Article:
You know what, it’s been quality for me. I’ve got to this stage where I’m being booked to play for Dansu Discs’ name and I’d had booking for different cities, but I lost them all. However, there a lot more important things than club nights at the minute, and, for me, as I moved to London last September and work full time, I’ve now been furloughed. I’m not going back until September, and as much as I love my job, it gave me the chance to sit down and think ‘What can I do to take this to the next level?’. Running a record label on your own its actually quite tiring and time consuming. It’s given me the time to refresh everything. With releases, I had the Chrissy record that came out in March. I did put that back four weeks at first as I didn't; expect lockdown to last this long. This record was made for the clubs, and there were videos of Ben UFO playing the Denham Audio remix earlier in the year, and it was a big room warehouse EP. When that came out I was worried as it was coming out when record stores were closed, and I wasn’t even sure if Phonica were operating online. However, we sold 80% of copies within 3 weeks. But I think lockdown made a lot of people a lot more connected. I’ve started using this slogan at Dansu Discs of ‘Bringing People Together’ as that’s sort of why I set it up; to bring these artists together, and bring everyone into one community. I think lockdown has enabled people to do that within music, and to support each other in difficult times. A lot of labels and artists have shown themselves to be really good people in these times. I’m sure you’ll agree that this year has been a bit of a shit show, but there have been plenty of positives.

Well we have definitely noticed that. There’s been a real surge in creativity, and people just seem to be getting on with stuff more so than ever. So you were talking about the process of running the label yourself. What advice would you give to people who are thinking of both getting in contact with labels to release music, or of starting a label of their own?

I always say is don't have an ego. Whether you’ve released on all the biggest labels, or if you have started, or if you know this person or that person, I think there’s no real places for egos in music. Whether you starting a label, or an artist yourself, be the type of person that you could see yourself working with. Also, don’t start out following someone else. Create your own sound and brand. Sometimes, people make the mistake of starting out to follow someone else. You want to have your own original brand that stands out.

What are some releases that you’ve been loving recently and would recommend?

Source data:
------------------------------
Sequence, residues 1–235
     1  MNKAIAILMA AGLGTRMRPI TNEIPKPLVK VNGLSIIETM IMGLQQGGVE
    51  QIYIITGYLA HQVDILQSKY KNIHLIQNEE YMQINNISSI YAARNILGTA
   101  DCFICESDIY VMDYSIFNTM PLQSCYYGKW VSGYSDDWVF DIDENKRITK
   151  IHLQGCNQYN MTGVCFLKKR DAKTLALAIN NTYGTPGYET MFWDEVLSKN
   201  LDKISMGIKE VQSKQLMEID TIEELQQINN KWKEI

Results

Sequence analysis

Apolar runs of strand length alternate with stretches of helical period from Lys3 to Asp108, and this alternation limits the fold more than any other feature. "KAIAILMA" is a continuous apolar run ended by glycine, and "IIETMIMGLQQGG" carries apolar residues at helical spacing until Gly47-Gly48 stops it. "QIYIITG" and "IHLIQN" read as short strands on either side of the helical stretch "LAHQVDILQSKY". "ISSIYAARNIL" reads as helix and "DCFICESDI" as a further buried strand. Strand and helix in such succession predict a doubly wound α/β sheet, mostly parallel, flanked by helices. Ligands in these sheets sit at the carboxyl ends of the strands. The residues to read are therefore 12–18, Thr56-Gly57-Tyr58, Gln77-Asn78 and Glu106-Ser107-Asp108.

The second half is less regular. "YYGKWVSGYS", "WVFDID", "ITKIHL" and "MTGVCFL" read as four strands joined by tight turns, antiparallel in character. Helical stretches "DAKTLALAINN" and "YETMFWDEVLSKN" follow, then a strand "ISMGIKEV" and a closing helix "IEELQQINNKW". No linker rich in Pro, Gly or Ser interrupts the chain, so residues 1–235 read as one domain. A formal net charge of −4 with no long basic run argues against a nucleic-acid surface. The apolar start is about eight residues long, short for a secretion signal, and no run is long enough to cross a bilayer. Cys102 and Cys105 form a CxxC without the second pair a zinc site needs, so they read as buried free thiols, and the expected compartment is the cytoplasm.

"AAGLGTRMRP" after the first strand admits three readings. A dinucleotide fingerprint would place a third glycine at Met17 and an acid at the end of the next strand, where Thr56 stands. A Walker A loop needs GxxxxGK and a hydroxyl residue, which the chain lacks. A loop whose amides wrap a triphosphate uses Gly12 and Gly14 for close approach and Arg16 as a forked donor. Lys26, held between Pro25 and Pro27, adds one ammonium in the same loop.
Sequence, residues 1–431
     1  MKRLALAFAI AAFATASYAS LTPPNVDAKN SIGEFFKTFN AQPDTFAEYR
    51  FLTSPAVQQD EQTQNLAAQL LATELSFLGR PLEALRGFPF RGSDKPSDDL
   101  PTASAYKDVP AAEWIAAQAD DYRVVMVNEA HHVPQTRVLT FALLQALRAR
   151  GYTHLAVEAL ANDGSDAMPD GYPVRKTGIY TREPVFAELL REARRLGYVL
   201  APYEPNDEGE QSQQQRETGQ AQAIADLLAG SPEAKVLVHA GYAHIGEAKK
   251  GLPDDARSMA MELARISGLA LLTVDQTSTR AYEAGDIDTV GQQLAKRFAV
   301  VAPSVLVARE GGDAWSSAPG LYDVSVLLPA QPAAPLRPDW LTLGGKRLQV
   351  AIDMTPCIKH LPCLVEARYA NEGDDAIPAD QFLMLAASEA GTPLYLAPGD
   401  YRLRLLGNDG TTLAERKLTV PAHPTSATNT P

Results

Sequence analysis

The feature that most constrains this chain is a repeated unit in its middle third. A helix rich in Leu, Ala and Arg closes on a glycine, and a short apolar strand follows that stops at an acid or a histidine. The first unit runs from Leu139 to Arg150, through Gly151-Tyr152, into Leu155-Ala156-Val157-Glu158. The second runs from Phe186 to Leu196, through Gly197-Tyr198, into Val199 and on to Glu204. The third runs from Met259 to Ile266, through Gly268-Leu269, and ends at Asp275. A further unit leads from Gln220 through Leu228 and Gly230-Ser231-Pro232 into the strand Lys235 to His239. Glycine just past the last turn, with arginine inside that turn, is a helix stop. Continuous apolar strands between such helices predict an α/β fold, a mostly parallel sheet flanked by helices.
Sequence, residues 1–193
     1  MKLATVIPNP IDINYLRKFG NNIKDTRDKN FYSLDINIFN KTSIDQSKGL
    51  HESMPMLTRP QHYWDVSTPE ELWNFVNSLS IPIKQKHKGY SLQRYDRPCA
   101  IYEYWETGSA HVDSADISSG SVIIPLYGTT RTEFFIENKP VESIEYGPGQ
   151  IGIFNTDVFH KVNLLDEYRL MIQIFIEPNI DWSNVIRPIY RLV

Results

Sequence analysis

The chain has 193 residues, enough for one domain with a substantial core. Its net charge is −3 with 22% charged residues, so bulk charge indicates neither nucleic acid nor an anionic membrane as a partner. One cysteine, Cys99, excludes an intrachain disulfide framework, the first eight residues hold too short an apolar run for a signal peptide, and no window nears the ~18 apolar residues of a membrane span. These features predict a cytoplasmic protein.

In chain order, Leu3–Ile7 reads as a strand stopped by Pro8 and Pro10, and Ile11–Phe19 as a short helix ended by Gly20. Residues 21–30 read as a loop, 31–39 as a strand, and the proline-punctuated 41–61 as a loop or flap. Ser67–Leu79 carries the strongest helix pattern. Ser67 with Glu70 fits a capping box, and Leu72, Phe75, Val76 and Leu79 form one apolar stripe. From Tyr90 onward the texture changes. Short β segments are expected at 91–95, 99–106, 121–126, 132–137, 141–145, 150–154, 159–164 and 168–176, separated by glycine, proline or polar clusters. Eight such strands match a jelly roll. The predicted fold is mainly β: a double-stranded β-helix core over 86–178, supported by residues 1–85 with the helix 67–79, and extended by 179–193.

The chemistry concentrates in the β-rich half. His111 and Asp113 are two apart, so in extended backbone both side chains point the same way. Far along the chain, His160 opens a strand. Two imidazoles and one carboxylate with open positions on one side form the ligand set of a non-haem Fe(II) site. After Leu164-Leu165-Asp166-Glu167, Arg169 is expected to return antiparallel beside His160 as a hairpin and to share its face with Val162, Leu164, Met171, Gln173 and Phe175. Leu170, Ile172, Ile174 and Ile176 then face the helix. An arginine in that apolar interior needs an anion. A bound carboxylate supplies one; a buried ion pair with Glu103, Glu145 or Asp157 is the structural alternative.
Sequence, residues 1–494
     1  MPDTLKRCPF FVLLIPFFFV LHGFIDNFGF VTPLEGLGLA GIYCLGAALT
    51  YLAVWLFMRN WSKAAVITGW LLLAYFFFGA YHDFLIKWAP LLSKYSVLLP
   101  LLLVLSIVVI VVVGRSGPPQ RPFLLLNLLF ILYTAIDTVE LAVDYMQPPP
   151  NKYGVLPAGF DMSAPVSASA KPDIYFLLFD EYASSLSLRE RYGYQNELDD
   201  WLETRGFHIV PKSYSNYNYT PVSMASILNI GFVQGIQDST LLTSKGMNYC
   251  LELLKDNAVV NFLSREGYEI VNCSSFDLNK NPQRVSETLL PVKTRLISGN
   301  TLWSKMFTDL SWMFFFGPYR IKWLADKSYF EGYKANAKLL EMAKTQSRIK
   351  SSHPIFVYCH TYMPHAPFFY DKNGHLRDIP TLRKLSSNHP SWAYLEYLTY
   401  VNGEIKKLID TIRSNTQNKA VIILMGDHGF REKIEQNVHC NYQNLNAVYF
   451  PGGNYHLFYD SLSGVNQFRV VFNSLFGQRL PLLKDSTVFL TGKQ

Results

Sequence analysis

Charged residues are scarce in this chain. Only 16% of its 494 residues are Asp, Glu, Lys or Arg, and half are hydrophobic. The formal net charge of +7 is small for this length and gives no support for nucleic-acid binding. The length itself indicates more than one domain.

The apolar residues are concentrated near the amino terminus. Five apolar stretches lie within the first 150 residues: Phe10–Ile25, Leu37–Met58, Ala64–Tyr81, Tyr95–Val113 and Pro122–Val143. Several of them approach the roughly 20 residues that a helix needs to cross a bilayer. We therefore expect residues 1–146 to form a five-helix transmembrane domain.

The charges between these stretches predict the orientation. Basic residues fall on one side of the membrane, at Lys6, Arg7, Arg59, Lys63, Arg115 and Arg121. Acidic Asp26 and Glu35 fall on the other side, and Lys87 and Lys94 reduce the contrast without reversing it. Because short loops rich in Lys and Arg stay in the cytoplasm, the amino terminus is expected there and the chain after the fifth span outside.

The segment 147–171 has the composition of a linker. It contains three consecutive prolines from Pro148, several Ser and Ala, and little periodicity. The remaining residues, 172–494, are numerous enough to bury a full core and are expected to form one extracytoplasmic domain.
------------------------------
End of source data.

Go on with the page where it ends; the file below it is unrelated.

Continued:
Nitework - Higher

Emotive Response – Love Exists

Shaniti Celeste – Want

Restless Natives – I Wanna Know (Probably my favourite track of all time)

You’ve previously put out music raising money for The Mental Health Foundation. Can you tell us a bit about that?

Yeah sure! Well I want to be a label that gives back as well. Within music, the amount of people I’ve spoken to who have said that music has helped them to get over something, or to focus more, or to help them through personal problems. It’s great to see all this fundraising for Covid, but it’s good to make sure we are funding these mental health charities that are saving people’s lives at the end of the day. I did a couple of live streams with Dim Sum records, and we are doing another Dansu for Mental Health EP next year.

So you’ve mentioned your upcoming show on KMAH. What are some of the other things that Dansu Discs has got coming up?

So actually, it’s quite exciting times at the moment. I’ve just got a new monthly residency on Balamii here in London. I’ve done one show, and my next one is on the 10th August with Chrissy. It’s a monthly show, with an hour from me and then an hour with a guest from the label. I’m also doing the Rinse FM Garage Hour in Septemeber. In terms of releases, the next one coming up is one from Lavonz, It’s a 6 track EP, and he released music in the mid- 90s and early noughties, and hasn't really released much since. This one is called the ‘Uncut Gems’ EP, and it's a mix of reissues and material that was never released. That’s something different, as it's the 20th release, but it’s something I’ve not done yet. Then after there’s a few Eps from artists old and new, but I won’t go into those yet!

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BABYSTEP MAGAZINE Est. 2017